- The Washington Times - Sunday, November 7, 2004

President Bush’s re-election and the Republican Party’s larger membership in the next Congress have made small-business advocacy groups optimistic about some of the issues on their agendas.

The National Federation of Independent Business (NFIB) welcomed Mr. Bush’s re-election last week.

“We believe very strongly that this president — probably more than any other in my recollection — has gone out of his way to be a supporter of small business,” said Dan Danner, the NFIB’s senior vice president for public policy.

“We are optimistic that will continue,” Mr. Danner said.

With health care costs a major concern for business owners, the election has raised hopes that national association health plans (AHPs) will become a reality in the second Bush term. Under AHPs, small businesses can buy into group health insurance plans anywhere in the country, giving them greater leeway in shopping for a cheaper plan.

Although Mr. Bush endorsed the AHPs concept in this year’s State of the Union address, a bill to create national plans stalled in the Senate after winning approval in the House. Now, with the Republicans winning four new seats in the Senate, giving them a margin of 55-44 over the Democrats, with one independent, “we may see some more movement on AHPs,” said Erin Fuller, executive director of the Washington-based National Association of Women Business Owners, which supports creation of the plans.

AHPs also are supported by the NFIB, which also is based in Washington. Mr. Danner predicted health care will be part of an aggressive small-business agenda during the president’s second term.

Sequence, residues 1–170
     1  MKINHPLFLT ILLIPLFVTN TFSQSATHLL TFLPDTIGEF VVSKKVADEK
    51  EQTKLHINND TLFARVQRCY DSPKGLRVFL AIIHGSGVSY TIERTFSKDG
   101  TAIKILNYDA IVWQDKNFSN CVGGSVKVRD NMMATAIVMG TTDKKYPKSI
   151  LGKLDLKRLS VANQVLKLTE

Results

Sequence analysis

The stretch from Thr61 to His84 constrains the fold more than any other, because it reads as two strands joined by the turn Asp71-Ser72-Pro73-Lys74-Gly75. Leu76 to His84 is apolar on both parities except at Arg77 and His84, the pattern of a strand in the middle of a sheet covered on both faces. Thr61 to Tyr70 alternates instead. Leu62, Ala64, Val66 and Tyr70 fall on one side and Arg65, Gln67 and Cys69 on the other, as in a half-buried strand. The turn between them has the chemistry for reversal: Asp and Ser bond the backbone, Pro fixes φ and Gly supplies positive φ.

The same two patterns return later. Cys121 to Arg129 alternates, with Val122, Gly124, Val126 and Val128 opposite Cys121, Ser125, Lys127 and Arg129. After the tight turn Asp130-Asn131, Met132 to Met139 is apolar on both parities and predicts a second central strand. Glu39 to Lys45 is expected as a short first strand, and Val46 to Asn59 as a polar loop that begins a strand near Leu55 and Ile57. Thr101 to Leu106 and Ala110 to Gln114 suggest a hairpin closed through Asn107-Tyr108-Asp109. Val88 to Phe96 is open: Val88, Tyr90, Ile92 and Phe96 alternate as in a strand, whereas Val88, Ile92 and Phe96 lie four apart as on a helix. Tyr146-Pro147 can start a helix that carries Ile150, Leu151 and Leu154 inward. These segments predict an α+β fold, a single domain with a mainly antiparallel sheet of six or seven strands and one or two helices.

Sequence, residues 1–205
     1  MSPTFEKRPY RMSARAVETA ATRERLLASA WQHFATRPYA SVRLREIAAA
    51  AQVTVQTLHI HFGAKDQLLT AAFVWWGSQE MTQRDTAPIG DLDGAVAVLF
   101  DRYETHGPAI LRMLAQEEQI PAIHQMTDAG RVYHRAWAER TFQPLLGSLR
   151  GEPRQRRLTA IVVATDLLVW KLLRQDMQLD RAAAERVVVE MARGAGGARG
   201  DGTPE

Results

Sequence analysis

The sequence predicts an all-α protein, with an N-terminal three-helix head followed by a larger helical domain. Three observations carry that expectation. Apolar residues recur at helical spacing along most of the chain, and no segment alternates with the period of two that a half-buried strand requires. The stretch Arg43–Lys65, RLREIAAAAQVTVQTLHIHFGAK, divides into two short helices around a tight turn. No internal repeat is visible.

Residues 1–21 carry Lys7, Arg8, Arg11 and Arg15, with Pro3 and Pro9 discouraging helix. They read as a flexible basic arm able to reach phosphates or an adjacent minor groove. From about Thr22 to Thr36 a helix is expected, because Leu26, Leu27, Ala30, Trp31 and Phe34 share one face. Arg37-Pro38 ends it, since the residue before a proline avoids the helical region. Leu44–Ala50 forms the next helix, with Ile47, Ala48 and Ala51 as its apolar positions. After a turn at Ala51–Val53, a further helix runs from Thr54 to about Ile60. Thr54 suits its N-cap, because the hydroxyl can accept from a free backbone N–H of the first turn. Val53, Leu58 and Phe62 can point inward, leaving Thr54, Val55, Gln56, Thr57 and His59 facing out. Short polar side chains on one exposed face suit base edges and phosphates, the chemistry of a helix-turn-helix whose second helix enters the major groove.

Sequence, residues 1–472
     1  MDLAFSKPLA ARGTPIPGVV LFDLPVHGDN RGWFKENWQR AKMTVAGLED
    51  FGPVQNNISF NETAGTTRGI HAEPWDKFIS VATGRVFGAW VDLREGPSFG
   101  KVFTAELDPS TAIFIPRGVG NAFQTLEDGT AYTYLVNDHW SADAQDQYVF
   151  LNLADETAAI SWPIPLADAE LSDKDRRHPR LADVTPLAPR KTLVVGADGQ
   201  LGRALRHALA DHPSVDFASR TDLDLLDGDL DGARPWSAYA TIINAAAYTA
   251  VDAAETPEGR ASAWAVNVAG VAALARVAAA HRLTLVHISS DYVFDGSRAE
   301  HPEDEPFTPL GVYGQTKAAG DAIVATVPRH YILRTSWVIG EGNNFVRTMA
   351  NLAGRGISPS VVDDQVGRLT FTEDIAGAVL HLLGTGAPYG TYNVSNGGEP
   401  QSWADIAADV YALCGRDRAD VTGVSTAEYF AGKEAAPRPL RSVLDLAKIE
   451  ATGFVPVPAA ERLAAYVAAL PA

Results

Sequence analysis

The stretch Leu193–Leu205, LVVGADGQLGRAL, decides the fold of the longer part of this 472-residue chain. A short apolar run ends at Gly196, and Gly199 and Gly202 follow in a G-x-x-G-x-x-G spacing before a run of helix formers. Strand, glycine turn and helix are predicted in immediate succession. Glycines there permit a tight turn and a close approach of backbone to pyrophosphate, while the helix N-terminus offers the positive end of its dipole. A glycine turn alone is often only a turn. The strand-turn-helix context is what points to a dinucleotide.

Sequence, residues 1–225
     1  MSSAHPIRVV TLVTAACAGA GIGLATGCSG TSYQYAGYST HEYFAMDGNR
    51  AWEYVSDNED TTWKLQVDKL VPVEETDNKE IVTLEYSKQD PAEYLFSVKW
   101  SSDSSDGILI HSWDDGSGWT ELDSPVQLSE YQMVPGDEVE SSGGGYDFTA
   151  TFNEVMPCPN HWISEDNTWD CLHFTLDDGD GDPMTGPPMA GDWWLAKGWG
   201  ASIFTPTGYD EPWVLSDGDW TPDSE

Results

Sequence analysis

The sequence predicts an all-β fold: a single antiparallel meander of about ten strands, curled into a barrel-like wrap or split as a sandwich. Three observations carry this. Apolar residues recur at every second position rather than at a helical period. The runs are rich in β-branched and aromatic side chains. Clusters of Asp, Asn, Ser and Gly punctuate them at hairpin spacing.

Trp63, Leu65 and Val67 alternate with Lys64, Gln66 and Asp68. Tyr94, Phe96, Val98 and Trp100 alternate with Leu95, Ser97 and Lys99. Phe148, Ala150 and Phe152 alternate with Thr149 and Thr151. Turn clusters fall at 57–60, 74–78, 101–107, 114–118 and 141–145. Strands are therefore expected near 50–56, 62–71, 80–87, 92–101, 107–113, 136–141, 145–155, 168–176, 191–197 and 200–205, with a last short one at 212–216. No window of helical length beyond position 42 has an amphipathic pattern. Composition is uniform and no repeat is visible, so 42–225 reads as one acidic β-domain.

Small-business groups also expect to see more tax-cut legislation this term.

Although there were two big tax bills during the first Bush term, “we are optimistic that [taxes] will be a much bigger issue than people realize,” said Todd McCracken, president of the National Small Business Association.

At the very least, the groups expect that tax cuts passed during the past four years and that are scheduled to expire between now and 2010 will be made permanent, including the expanded $100,000 deduction for small business’ equipment purchases.

“Some plan should be on the agenda pretty early on to address that,” Mr. McCracken said.

Mr. McCracken’s group also is looking to correct one of the inequities of the Internal Revenue Code that allows employees of large companies to pay for their health insurance premiums on a pretax basis, saving them money, but that doesn’t give small-business owners the same treatment.

Business advocates also expect tort reform, which would limit business’ liability in lawsuits, to become more of a priority in the next session of Congress. A bill that would put limits on class-action lawsuits was another casualty of congressional deadlock this year, and Mr. Danner said the changes in the makeup of the Senate might help move along that legislation next time.


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